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Weapons Neutron Research Flight Paths

The Weapons Neutron Research Facility (WNR) provides neutron and proton beams, and detector arrays for basic, applied, industrial, and defense-related research.


  • LANSCE Weapons Physics Group Leader
  • Charles Kelsey
  • (505) 665 5579
  • Email

Overview of Flight Paths

Each flight path’s name identifies the target and the direction of the flight path (FP) with respect to the proton beam. For example, 4FP15R is a FP (flight path) that starts at Target 4 and is 15 degrees to the right (15R) of the incoming proton beam. The beams are transmitted at three different vertical levels: Target 4, Target 2, and Lujan Center (Target 1).




The layout of the flight paths at the LANSCE neutron sources.


A schematic drawing of the Target-2 and Target-4 flight paths.

The flight paths and the major research program that are on each flight path are briefly described below, and described in more detail by clicking on the individual flight path.

Target 4 Flight Paths

For the Target 4 flight paths, the neutron spectrum depends on the angle of the flight path with respect to the proton beam.

flight paths diagram

The calculated neutron spectra for various flight paths at Target 4.

As seen in this plot, the most forward angle flight paths at 15 degrees have the most intensity at high energy and somewhat lower intensity at lower neutron energy. The more backward angle flight paths at 90 degrees have significantly lower intensity at high energy and more intensity at lower energies. The flight paths at 30 and 60 degrees fit between those extremes. The shape of the neutron spectrum at the different flight path angles must be considered when choosing a flight path for a particular experiment.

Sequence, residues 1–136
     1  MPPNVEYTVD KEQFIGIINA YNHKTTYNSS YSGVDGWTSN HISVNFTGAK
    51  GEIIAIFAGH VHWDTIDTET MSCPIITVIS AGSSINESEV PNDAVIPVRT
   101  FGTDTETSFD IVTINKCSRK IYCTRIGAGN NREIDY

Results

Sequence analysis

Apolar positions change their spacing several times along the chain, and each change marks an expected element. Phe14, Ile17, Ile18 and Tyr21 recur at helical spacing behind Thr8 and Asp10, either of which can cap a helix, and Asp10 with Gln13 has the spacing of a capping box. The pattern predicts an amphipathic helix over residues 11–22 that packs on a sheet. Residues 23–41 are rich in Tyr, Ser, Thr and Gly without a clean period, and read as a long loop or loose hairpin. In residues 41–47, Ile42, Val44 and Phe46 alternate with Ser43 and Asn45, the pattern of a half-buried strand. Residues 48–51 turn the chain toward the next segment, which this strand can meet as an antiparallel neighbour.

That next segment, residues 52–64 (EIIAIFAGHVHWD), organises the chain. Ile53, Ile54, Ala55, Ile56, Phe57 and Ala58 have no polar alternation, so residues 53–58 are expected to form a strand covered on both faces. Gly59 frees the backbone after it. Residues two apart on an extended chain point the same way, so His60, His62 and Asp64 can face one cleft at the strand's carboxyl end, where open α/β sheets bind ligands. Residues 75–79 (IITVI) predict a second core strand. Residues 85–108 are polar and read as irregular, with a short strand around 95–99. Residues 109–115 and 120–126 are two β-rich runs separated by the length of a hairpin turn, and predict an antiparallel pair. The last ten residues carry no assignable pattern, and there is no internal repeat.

• 4FP90L offers the softest spectrum of all WNR flight paths and is primarily used for-fission cross-section measurements. The length of the flight path is approximately 7 - 15 meters. Instruments used here have included fission chambers and a fission Time Projection Chamber (TPC). Researchers use the TPC to measure energy-differential neutron-induced fission cross-sections with unprecedented precision.
  • 4FP30L or ICE House (Irradiation of Chips and Electronics) is located at a 30-degree flight path. At this angle, the shape of the neutron spectrum here is similar to that of neutrons produced in the atmosphere by cosmic rays. However, the neutron flux available at ICE House is a million times higher. This large flux enables testing of semiconductor devices at greatly accelerated rates.
  • 4FP15L or CHI-NU uses neutrons produced at a 15-degree angle to the incident proton beam from the spallation source. 15L is unique among the flight paths because it has two experimental locations available at distances of 22 m and 90 m from the spallation target. A rectangular shutter offers variable openings, enabling researchers to choose flux intensity based on experimental requirements. The beam shape can be changed by inserting collimator inserts into the neutron beam tube. A 2-meter-deep pit is located below the raised floor of a 22-meter experimental location, reducing the room-return neutron background for experiments. This flight path is primarily used for Chi-Nu experiments (22 m) and neutron detector development and calibration (90 m).